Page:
- This topic has 11 replies, 8 voices, and was last updated 7 years, 3 months ago by Anonymous.
- September 15, 2013 at 6:14 am#30988AnonymousInactive
I drank very heavily until 1999, then gave it up. I was sober until January 2006. I started messing around with oxycontin and oxycodone. Gave them up because the withdrawal was so bad. Started drinking really heavily again. Checked into an IOP program and graduated two different programs. 4 months sober…. Then discoved some pain killers in the house, Darvocet, valium, and ritalin. Can’t seem to shake it this time. Haven’t been to a meeting in a month. Discovered this site due to inability to sleep. Hope to find some help here…. I can’t loose everything i have.
Thanks.September 15, 2013 at 6:47 am#160883AnonymousInactive
Well you came to the right place if you want some opinions. Help is something you have to do for yourself.
You are definitely going in the right direction, but I think you really need to attend some meetings and see a counsellor.
Come back here often and read, read, read as much as you can! The “Sticky” notes are especially useful.
I wish you all the best and look forward to hearing from you again.
GraemeSeptember 15, 2013 at 6:51 am#160878AnonymousInactive
Glad you’re here.
You will find tons of support and information here. You got sober before so you can do it again. You don’t have to do it alone.
Keep posting and reading posts. You are among great people here who care!September 15, 2013 at 7:16 am#160884AnonymousInactive
Thanks for the encouragement. I have been seeing a psychologist for about 8 years. The Dr. helped me with my antidepressants, but that’s about it. I have learned that meetings and places like this forum contain people that can understand addiction. I believe an alcohol/drug councilor should be a former user, to fully understand what we are going through. I have discovered my triggers, but don’t recognize them in time. Once I start using, i continue until something catastrophic happens. My marriage is suffering, and my kids don’t deserve this. So far i have been able to hide this episode from my wife and kids, but it is only a matter of time before I screw up big-time.September 15, 2013 at 7:24 am#160882AnonymousInactive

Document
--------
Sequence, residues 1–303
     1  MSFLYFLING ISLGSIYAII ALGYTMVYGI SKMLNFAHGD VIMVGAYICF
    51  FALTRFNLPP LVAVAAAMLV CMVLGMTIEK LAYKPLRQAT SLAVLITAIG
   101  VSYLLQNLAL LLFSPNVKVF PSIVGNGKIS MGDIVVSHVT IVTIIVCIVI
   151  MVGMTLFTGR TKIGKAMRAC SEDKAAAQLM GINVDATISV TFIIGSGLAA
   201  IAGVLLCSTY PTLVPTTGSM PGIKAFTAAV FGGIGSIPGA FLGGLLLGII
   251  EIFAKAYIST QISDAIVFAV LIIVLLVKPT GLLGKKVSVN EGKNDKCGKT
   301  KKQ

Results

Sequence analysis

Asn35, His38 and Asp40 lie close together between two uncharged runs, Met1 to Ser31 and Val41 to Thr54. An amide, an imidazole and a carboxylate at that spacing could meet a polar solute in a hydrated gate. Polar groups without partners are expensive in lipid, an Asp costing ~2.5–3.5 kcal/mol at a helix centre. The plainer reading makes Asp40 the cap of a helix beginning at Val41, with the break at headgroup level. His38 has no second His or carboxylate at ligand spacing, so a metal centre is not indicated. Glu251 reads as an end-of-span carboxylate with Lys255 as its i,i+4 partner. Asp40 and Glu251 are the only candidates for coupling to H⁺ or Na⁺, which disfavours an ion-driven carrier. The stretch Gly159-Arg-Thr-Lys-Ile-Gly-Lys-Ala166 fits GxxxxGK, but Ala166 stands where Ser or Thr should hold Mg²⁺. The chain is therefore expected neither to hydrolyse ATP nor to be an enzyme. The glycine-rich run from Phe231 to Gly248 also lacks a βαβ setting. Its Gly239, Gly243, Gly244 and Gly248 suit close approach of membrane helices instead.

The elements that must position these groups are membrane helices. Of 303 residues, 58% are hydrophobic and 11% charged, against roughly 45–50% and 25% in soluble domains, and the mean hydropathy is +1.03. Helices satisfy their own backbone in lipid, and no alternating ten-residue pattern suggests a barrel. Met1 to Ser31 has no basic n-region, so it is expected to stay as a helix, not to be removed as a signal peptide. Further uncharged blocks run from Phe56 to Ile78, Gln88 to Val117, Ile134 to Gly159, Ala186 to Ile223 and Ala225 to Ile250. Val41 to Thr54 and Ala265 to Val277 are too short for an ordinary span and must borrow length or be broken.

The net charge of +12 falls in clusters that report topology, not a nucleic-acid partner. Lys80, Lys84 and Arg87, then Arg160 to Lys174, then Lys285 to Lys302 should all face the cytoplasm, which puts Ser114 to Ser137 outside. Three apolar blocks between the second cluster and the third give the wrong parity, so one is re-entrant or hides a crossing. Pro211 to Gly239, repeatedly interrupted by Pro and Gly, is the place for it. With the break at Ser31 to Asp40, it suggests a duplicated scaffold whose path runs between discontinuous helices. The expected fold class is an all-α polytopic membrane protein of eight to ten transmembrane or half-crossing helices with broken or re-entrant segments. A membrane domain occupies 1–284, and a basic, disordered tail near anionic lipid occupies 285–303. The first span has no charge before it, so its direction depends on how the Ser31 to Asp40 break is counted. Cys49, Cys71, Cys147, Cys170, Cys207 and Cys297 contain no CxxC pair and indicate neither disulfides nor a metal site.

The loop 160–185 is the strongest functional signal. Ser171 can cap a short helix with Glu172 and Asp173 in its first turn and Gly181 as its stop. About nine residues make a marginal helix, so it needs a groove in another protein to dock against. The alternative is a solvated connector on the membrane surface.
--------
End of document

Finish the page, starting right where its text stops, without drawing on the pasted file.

I’m a clinical psychologist and i am an addict in recovery. I hope that my current attemp at sobriety will be the one that sticks. Seems as though I have made a career out of quitting drugs. I’m sure that I am not alone. I can be sure that if you continue that your wife will find out. You really don’t want that or you wouldn’t be hiding.. What are a few of your triggers?September 15, 2013 at 10:30 am#160885AnonymousInactive
My triggers seem to vary, not always consistent. For example, this one is my favorite, things can be going fantastic at work and i feel the need to, i guess, “celebrate”. Another is stress at home. I have two young children, and my wife is disabled. What led to my first relapse in 7 or 8 years was the combination of a dead-end crap job, stress at home, financial problems, and general depression. I switched jobs to what i call my “dream job”. I thought everything would be great. However, I was diagnosed with Lyme disease, and after 2-3 months of joint pain, i realized that alcohol helped with the pain. I pretty much began drinking every night. My Doc recommended 120mg of Cymbalta for 1. depression & 2. joint pain. Guess what, it worked! I was feeding much better, but remained in a alcoholic rut. My wife has a zero tolerance policy for any kind of alcohol in the house, her father is a recovering alcoholic (+just under ~ 30 years clean). I get a lot of support from him. So having said all that, i describe myself as having a “switch” in my head. I will be fine, and all of a sudden I get the idea of a drink or a pill or anything to alter my mood. I do not plan this, it just happens. I spend quite a bit of time trying to figure it out in IOP care. I learned a lot about myself, and some possible triggers, but a large part of my disease is a mystery to me. In fact, i don’t really even enjoy drinking. The euphoric effect that was present 8 years ago does not seem to exist, no matter how much I drink. I blame the Cymbalta or any other S12 Step National MeetingsI for this???